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United States v. Simon

United States District Court, E.D. Virginia

October 31, 2017

UNITED STATES OF AMERICA, Plaintiff,
v.
GREGORY A. SIMON, Defendant.

          OPINION & ORDER

          HENRY COKE MORGAN, JR. SENIOR UNITED STATES DISTRICT JUDGE.

         This matter is before the Court pursuant to the United States of America's (the "Government's") second Motion for Default Judgment ("Motion"). Doc. 9. For the reasons stated herein, the Court GRANTS the Motion.

         I. BACKGROUND

         A. Facts[1]

         Defendant Gregory A. Simon ("Defendant") is a resident of Toano, Virginia, who filed tax returns for seven (7) years that reported tax deficiencies. Doc. 1. ("Compl.") ¶¶ 4-5. In accordance with his returns, the Government made the following assessments:

Tax Period Ending
Assessment Date
Amount of Assessment
12/31/2004
08/01/2005
$13, 597.00
12/31/2005
11/06/2006
$33, 588.00
12/31/2006
11/26/2007
$8, 314.00
12/31/2011
10/22/2012
$2, 181.00
12/31/2012
09/14/2015
$3, 101.00
12/31/2013
09/14/2015
$4, 170.00
12/31/2014
11/16/2015
$4, 299.00

Id. ¶ 5. The Government also sent Defendant notices and demands for payment for those assessments. Id. ¶ 6. Defendant has failed to pay the balance on any of those assessments. Id. ¶ 7. As of February 27, 2017, his pending balance for all assessments was $80, 362.25. Id. ¶ 9.

         B. Procedural History

         The Government filed its Complaint in this Court on March 28, 2017. Compl. It requested the entry of default on June 2, 2017, and the Clerk entered default that same day. Doc. 4. The Government filed its Motion for Default Judgment on June 28, 2017. Doc. 5. On August 14, 2017, the Court DENIED the Motion under Federal Rule of Civil Procedure 55(b)(1) without prejudice to renewing it under Rule 55(b)(2). Doc. 7. The Government filed a renewed Motion for Default Judgment on September 26, 2017. Doc. 9.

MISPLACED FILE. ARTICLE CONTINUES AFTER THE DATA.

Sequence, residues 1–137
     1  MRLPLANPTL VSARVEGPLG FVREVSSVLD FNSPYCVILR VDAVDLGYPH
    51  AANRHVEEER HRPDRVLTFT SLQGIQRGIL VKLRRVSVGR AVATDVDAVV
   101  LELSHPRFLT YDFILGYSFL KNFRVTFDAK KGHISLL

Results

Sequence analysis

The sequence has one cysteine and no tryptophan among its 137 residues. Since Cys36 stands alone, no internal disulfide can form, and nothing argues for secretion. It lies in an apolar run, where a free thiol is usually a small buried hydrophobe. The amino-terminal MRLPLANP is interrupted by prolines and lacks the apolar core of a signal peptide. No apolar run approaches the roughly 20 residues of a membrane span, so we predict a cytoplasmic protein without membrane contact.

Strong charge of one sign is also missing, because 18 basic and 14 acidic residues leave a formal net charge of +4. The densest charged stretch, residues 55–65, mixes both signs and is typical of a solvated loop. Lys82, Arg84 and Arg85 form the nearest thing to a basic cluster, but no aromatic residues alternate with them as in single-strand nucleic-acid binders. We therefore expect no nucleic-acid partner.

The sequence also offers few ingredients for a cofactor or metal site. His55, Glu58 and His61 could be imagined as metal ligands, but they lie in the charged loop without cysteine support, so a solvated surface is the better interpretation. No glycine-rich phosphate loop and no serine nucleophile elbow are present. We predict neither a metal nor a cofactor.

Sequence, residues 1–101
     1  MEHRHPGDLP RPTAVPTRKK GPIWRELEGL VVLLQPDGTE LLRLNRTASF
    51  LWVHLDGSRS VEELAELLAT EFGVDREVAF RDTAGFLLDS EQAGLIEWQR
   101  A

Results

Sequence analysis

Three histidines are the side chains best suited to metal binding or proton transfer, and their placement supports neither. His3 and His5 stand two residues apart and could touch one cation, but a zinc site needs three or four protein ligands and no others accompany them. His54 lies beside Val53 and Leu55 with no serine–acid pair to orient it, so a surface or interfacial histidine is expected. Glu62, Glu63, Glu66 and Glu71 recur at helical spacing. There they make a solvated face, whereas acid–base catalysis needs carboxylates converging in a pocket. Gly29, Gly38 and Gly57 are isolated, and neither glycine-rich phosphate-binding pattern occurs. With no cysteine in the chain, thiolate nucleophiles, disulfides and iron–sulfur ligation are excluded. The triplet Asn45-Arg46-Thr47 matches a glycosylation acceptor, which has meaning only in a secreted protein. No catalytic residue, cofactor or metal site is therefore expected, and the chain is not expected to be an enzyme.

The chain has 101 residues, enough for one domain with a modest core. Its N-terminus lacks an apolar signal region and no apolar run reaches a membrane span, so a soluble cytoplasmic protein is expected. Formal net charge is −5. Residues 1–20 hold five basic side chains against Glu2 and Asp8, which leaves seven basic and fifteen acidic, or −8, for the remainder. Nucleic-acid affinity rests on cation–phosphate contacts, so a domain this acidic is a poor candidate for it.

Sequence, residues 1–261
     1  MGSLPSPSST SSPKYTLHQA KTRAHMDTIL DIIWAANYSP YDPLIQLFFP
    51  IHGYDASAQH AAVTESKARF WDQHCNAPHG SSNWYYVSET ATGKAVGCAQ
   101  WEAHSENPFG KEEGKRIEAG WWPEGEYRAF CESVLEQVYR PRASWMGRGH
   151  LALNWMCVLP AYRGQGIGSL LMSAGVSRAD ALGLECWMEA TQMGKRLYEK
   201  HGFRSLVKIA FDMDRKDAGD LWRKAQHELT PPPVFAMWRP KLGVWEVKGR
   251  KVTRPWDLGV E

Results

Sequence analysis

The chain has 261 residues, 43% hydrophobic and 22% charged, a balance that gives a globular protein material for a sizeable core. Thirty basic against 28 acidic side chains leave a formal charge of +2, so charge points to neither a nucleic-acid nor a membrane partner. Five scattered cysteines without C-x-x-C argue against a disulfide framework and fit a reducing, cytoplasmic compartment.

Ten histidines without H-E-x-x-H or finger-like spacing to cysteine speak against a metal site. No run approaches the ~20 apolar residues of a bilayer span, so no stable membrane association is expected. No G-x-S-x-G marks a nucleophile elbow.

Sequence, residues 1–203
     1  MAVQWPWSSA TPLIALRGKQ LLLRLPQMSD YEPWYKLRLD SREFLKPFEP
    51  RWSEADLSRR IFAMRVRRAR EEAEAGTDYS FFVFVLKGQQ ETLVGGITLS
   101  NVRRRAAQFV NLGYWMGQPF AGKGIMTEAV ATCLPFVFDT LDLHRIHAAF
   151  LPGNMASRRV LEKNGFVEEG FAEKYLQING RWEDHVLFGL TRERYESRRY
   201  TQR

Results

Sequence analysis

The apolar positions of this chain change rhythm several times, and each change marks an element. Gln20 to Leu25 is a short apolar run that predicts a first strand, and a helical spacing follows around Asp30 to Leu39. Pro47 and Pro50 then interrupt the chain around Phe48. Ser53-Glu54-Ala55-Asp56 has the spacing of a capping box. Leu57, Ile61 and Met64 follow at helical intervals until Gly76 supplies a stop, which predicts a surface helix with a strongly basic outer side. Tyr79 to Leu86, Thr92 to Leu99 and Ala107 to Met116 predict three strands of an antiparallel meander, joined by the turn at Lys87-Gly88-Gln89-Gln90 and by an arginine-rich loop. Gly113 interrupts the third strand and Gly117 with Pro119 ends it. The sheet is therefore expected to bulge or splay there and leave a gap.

II. LEGAL STANDARD

         Federal Rule of Civil Procedure 55 sets forth a two-step process for obtaining a default judgment. Subsection (a) calls for an entry of default when a party has failed to file a responsive pleading "or otherwise defend" the action within the applicable time limit. Fed.R.Civ.P. 55(a). The entry of default does not automatically entitle a party to a default judgement; rather, subsection (b) requires the Court take final action following entry of default by the Clerk. Fed.R.Civ.P. 55(b). The decision whether or not to grant a motion for default judgment rests with the sound discretion of the court. See Curtiss-Wright Corp. v. General Elec. Co.. 446 U.S. 1, 8 (1980). Further, "[D]efendant, by his default, admits the plaintiffs well-pleaded allegations of fact[.]" Ryan. 253 F.3d at 780 (quoting Nishimatsu Constr. Co.. 515 F.2d at 1206). However, the Court is still required to "determine whether the well-pleaded allegations in [the] complaint support the relief sought in this action." Id.

         III. ANALYSIS

         A. Jurisdiction

         In order for the Court to enter judgment, it must have subject matter jurisdiction. Federal courts have original jurisdiction over civil actions arising under federal laws providing for internal revenue and civil actions where the Government is the Plaintiff. 28 U.S.C. §§ 1340, 1345 (2017). The Government filed this suit, and it alleges failure to pay federal tax liabilities. ...


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